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ACT V. SCENE I.
Dunsinane. A Room in the Castle.
Enter a Doctor of Physick, and a waiting Gentle.
Doct. I have two nights watched with you, but can perceive no truth in your report. When was it she last walked ?
Gent. Since his majesty went into the field, I
their instruments against the tyrant. So, in King Lear, Act I. Sc. IV. vol. x. p. 60 :
*** That you protect this course, and put it on
By your allowance." Again, in Chapman's version of the eleventh Iliad : “ For Jove makes Trojans instruments, and virtually then
arms himself." Steevens. 5 Since his majesty went into the field,] This is one of Shakspeare's oversights. He forgot that he had shut up Macbeth in Dunsinane, and surrounded him with besiegers. That he could not go into the field, is observed by himself with splenetic impatience :
our castle's strength
“ And beat them backward home." It is clear also, from other passages, that Macbeth's motions had long been circumscribed by the walls of his fortress.
The truth may be, that Shakspeare thought the spirit of Lady Macbeth could not be so effectually subdued, and her peace of mind so speedily unsettled by reflection on her guilt, as during the absence of her husband :
-deserto jacuit dum frigida lecto,
Dum queritur tardos ire relicta dies. For the present change in her disposition, therefore, our poet
have seen her rise from her bed, throw her nightgown upon her, unlock her closet, take forth paper, fold it, write upon it, read it, afterwards seal it, and again return to bed; yet all this while in a most fast sleep.
Doct. A great perturbation in nature ! to receive at once the benefit of sleep, and do the effects of watching.-In this slumbry agitation, besides her walking, and other actual performances, what, at any time, have you heard her say ?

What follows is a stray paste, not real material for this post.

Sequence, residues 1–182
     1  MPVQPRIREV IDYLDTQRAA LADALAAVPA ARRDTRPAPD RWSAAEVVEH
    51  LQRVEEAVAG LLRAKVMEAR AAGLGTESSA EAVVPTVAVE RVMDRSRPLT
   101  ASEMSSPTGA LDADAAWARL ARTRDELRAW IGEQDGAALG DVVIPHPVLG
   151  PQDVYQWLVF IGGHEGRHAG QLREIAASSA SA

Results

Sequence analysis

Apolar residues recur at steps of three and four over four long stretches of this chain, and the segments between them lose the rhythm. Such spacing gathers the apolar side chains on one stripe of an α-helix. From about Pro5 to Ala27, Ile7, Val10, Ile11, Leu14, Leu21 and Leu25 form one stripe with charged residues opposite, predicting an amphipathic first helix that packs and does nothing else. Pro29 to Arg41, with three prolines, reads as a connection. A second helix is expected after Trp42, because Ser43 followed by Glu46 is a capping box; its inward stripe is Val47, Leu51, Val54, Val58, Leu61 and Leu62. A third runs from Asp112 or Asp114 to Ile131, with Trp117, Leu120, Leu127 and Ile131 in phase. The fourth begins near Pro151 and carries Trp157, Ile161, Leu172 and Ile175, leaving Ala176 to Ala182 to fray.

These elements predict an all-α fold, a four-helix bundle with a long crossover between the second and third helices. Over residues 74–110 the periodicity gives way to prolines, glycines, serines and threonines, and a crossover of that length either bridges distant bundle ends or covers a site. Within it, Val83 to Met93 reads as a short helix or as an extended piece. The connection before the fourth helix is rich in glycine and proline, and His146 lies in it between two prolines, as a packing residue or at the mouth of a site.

Gent. That, sir, which I will not report after her.
Doct. You may, to me; and 'tis most meet you should.
Gent. Neither to you, nor any one ; having no witness to confirm my speech.
Enter Lady Macbeth, with a Taper. Lo you, here she comes! This is her very guise ; and, upon my life, fast asleep. Observe her; stand close.
Doct. How came she by that light?
Gent. Why, it stood by her : she has light by her continually; 'tis her command.
Doct. You see, her eyes are open o.
(though in the haste of finishing his play he forgot his plan) might mean to have provided, by allotting her such an interval of solitude as would subject her mind to perturbation, and dispose her thoughts to repentance.
It does not appear, from any circumstance within the compass of this drama, that she had once been separated from her husband, after his return from the victory over Macdonwald, and the King of Norway. Steevens.
Yet Rosse says, (p. 232.] that he saw the tyrant's power a-foot.' The strength of his adversaries, and the revolt of his own troops, mentioned in a subsequent scene, might compel him to retreat into his castle. BosWELL.
Gent. Ay, but their sense are shut".
Doct. What is it she does now? Look, how she rubs her hands.
Gent. It is an accustomed action with her, to seem thus washing her hands; I have known her continue in this a quarter of an hour.
LADY M. Yet here's a spot 8.
Doct. Hark, she speaks: I will set down what comes from her, to satisfy my remembrance the more strongly.
LADY M. Out, damned spot ! out, I say One; Two'; Why, then 'tis time to do't :
her eyes are open.] So, in The Tempest :
“ This is a strange repose, to be asleep
STEEVENS. 7 Ay, but their sense are shut.] Thus the old copy; and so the author certainly wrote, though it sounds very harshly to our
So again, in his 112th Sonnet:
“ In so profound abysm I throw all care
MALONE. In the Sonnet our author was compelled to sacrifice grammar to the convenience of rhyme. In the passage before us, he was free from such constraint. What, therefore, should forbid us to read, as in my text ?